Trump had vowed during his presidential campaign that he would move the US Embassy to Jerusalem al-Quds, a step that would enrage Palestinians and create an global furor. The waiver Trump signed delays the relocation, which was approved in 1995 by Congress, for another six months.
The White House framed the decision to delay the move as a necessary step to secure an Israeli-Palestinian peace deal. The Palestinians claim east Jerusalem as the capital of their future state, while Israel has declared the entire city as its capital.
The White House said Trump "made this decision to maximise the chances of successfully negotiating a deal between Israel and the Palestinians".
On the campaign trail, Mr Trump repeatedly pledged that he would move the embassy from Tel Aviv to the city claimed as capital by both Israel and its Palestinian neighbours, and he appointed a United States ambassador who shares this goal. He has since, however, stalled on his pledge.
Abdullah in particular expressed deep concern that moving the U.S. Embassy would spark unrest among his country's large Palestinian population. We value [Trump's] commitment to Palestinian-Israeli peace.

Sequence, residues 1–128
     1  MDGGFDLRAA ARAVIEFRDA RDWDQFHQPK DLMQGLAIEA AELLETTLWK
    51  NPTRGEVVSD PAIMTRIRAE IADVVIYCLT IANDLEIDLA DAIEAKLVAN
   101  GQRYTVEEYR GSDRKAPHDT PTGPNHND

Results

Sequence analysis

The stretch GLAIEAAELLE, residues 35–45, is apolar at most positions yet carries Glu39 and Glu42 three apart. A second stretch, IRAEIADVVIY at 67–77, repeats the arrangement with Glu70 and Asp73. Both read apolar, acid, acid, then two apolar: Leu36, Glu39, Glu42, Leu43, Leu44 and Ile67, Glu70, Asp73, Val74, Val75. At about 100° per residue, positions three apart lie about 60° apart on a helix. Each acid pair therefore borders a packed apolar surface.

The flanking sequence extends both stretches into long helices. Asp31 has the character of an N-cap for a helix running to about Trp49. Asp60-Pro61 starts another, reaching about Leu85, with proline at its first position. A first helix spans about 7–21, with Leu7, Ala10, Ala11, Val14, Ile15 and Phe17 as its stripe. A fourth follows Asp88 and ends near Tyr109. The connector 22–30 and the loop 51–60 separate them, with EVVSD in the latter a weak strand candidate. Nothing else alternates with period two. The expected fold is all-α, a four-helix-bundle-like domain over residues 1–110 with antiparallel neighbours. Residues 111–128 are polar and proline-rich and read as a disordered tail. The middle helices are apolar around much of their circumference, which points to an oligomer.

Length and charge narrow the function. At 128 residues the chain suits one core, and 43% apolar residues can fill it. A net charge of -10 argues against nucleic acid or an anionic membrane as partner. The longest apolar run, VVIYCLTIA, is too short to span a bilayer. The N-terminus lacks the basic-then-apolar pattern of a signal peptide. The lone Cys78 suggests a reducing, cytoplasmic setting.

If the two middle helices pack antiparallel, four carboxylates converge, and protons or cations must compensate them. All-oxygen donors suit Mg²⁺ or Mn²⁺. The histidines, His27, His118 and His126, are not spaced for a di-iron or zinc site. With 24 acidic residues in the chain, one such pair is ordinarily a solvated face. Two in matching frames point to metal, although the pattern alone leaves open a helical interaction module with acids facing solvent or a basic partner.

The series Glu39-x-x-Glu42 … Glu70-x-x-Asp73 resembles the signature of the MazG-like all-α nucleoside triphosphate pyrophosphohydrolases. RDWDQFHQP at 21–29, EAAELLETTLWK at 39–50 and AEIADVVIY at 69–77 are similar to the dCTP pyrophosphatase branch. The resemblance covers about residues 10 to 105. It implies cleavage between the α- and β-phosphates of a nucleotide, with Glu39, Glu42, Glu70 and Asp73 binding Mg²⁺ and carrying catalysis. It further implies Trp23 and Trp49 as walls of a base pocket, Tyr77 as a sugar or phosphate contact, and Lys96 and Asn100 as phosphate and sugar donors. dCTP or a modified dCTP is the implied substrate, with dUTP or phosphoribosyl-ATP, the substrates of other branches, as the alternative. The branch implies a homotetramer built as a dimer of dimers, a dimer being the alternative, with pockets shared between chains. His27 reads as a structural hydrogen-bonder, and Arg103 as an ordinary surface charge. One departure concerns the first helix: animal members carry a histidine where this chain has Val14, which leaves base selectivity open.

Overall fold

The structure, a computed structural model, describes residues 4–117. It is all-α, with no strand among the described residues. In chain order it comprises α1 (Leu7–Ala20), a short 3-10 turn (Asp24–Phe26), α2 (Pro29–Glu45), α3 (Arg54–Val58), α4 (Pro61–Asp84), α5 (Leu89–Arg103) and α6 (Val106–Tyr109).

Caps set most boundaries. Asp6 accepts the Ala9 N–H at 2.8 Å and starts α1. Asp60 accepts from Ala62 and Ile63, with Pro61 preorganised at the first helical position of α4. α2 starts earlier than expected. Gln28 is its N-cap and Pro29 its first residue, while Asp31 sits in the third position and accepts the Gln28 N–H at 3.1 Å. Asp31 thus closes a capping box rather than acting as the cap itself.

"This is in line with the long held US policy and the global consensus and it gives peace a chance", Zomlot said.
It may be a little hard to defend this change for Trump, who openly criticized past presidents of both parties for waivers and campaigned on being a non-politician who keeps his promises.
Although Trump signed a waiver, he could still move the embassy after six months, or issue an executive order overriding the waiver before it expires.
On Wednesday, Trump signed a six-month waiver that will maintain the American embassy in Tel Aviv, aides confirmed to The New York Times Thursday.
When Palestinian Authority President Mahmoud Abbas visited at the beginning of May, Trump did not answer a question from the press pool about moving the embassy. Palestinians want East Jerusalem to be the capital of an independent state. "Every president since the bill became law - Bill Clinton, George W. Bush, Barack Obama and now Trump - all signed waivers". The king warned that relocating the embassy might anger Arabs, hurting any chances of striking a deal between Israel and Palestine.
In the 1940s, the United Nations proposed the worldwide community oversee Jerusalem since the city is so important to three major religions.
After getting into the Oval Office, Trump said he'd study the issue.